Vaccine Lab / Alfa Chemistry
The Surprising Properties of Saponins: More than Just Soap
Contact Us

Our customer services representatives are available 24 hours a day, from Monday to Sunday.


The Surprising Properties of Saponins: More than Just Soap

What Are Saponins?

Saponins are a diverse group of compounds commonly found in various plant sources. The name "saponin" is derived from the Latin word "sapo," which means soap. This is due to their characteristic ability to produce suds or foams when mixed with water. Chemically, saponins are glycosides, meaning they consist of a steroidal or triterpenoid aglycone (sapogenin), which is attached to one or more sugar chains (glycosides).

Structure of saponin.Structure of saponin. [1]

Saponins have long been recognized for their diverse biological activities, including antimicrobial, antifungal, antiviral, anti-inflammatory, antitumor, and immunomodulatory effects. Their amphipathic nature, arising from a characteristic sapogenin, is crucial for their ability to interact with and disrupt cellular membranes, leading to numerous biological effects.

Characteristics of Saponins

  • Foaming Properties
    This property is due to the presence of hydrophilic sugar chains and hydrophobic aglycone moiety, which lowers surface tension and stabilizes small bubbles.
  • Amphipathic Nature
    Saponins are amphipathic, meaning they have both hydrophilic and hydrophobic regions. This property allows them to interact with both water-soluble and lipid-soluble compounds.
  • Biological Activities
    Saponins can act as plant growth regulators, antioxidants, antimicrobials, anti-inflammatory agents, and potential pharmaceuticals.
  • Hemolytic Activity
    Some saponins have the ability to lyse red blood cells, leading to their classification as hemolytic agents. This property can be harnessed for applications such as forming stable emulsions or for use as detergents.

Biosynthesis of Saponins

Saponins are derived from the isoprenoid pathway, combining both acetate and mevalonate building blocks. The biosynthetic pathways leading to the synthesis of sapogenins involve cyclization of 2,3-oxidosqualene, a key intermediate produced by triterpene synthases. Subsequent modifications, including hydroxylation, glycosylation, and acylation, generate the diverse array of saponin structures found in nature.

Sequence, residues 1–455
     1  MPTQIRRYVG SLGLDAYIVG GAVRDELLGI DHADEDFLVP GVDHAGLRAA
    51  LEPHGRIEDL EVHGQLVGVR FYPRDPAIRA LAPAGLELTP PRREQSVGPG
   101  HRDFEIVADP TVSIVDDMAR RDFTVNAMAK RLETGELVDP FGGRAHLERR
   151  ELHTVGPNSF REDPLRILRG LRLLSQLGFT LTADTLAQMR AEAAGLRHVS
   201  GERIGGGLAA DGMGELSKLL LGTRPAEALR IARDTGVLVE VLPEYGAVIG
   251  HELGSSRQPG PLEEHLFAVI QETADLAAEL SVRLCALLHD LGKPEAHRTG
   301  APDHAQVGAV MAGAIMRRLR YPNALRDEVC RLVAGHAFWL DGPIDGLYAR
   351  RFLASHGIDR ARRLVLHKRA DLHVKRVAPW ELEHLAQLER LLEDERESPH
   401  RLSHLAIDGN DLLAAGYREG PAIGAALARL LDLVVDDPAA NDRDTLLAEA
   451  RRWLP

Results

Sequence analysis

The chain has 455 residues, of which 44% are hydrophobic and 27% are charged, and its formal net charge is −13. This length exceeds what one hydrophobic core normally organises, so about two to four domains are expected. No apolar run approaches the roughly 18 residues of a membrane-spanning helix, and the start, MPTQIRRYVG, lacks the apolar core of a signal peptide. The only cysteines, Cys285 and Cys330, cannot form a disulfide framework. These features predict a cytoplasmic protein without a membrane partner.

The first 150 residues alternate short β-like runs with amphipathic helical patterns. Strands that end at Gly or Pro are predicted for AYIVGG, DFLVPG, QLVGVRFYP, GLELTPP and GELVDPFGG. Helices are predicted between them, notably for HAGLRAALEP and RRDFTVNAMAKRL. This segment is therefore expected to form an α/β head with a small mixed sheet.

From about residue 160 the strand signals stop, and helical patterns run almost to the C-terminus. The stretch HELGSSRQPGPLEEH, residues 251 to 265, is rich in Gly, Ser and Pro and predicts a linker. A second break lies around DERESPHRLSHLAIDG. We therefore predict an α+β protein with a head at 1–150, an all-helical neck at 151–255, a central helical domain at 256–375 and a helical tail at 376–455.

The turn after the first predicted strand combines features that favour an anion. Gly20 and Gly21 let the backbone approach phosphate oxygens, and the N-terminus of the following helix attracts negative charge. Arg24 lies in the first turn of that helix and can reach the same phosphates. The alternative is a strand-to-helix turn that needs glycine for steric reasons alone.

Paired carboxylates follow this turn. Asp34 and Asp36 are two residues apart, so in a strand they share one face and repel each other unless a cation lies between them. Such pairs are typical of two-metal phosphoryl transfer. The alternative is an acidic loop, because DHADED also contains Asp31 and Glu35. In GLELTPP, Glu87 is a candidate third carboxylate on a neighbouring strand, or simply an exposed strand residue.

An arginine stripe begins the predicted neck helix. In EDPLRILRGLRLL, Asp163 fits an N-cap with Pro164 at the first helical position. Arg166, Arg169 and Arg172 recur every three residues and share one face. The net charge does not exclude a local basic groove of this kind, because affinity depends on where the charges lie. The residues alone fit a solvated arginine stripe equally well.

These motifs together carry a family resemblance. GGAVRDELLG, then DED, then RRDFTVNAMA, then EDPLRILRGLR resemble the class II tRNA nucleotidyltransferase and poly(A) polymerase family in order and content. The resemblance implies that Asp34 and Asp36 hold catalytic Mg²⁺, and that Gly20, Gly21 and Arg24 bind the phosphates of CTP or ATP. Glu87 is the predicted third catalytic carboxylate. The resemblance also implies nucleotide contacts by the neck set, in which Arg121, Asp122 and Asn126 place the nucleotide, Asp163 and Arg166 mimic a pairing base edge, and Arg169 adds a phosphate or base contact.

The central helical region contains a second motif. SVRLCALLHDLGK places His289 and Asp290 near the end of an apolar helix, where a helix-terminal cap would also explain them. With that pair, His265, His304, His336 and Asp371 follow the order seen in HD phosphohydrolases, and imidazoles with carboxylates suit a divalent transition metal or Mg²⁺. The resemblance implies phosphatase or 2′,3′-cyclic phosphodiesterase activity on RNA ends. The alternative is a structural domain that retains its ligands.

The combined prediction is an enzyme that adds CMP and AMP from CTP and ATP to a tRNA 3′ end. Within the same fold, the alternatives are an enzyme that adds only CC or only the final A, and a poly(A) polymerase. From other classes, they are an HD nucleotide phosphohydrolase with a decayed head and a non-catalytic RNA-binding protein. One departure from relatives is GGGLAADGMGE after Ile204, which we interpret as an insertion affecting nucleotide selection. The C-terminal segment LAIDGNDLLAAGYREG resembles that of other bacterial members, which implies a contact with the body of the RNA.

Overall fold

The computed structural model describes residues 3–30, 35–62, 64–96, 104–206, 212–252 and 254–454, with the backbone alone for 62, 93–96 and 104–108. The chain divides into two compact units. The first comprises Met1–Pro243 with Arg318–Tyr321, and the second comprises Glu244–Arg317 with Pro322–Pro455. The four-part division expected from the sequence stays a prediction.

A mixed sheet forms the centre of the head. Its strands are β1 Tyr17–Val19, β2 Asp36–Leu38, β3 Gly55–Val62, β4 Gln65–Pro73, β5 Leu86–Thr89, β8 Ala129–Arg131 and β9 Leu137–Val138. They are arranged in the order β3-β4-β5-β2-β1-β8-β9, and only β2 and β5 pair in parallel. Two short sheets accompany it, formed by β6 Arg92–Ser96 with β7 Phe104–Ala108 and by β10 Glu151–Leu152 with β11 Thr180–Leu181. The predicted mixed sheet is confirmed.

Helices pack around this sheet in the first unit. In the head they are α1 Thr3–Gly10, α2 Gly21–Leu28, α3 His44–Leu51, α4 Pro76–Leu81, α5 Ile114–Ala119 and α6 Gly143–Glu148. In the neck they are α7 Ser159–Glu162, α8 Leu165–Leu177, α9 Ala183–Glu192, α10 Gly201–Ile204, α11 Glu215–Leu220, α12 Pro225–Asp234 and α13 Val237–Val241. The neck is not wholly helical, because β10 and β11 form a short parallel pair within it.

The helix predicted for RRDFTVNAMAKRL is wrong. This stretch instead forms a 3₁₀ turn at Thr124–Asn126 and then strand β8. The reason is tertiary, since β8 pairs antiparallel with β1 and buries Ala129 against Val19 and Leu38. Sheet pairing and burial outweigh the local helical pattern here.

Biosynthesis of saponins in plants.Biosynthesis of saponins in plants. [2]

Saponins for Traditional Medicine

Saponins have been used in traditional medicine for centuries due to their various health benefits. They possess anti-inflammatory, immunomodulatory, antioxidant, and antimicrobial properties, making them valuable for treating various diseases and conditions. For example, some saponins have been found to have potential anticancer activity and have been investigated as possible chemotherapeutic agents.

Saponins as Vaccine Adjuvants

One of the advantages of using saponins as vaccine adjuvants is that they have both immunostimulatory and immunomodulatory effects. They can activate various immune cells, such as dendritic cells and macrophages, leading to the production of pro-inflammatory cytokines and enhancing antigen presentation. Saponin adjuvants have been extensively studied for use in veterinary and human vaccines.

QS-21 is one of the most promising investigational immune adjuvants that can enhance balanced Th1/Th2 responses by generating antigen-specific cytotoxic T lymphocytes (CTL). However, it is worth noting that it has some inherent disadvantages, including scarcity, chemical instability, and toxicity. More modification strategies need to be explored for the development of variants with effective adjuvant activity, increased stability, and reduced toxicity. [3]

The structure-activity relationships of saponins.The structure-activity relationships of saponins. [3]


  1. Timilsena Y P, et al. International Journal of Molecular Sciences, 2023, 24(17), 13538.
  2. Mugford S T, et al. Isoprenoid synthesis in plants and microorganisms, 2013, 405-424.
  3. Fernandez-Tejada A, et al. Accounts of Chemical Research, 2016, 49(9), 1741-1756.

Our products and services are for research use only and cannot be used for any clinical purposes.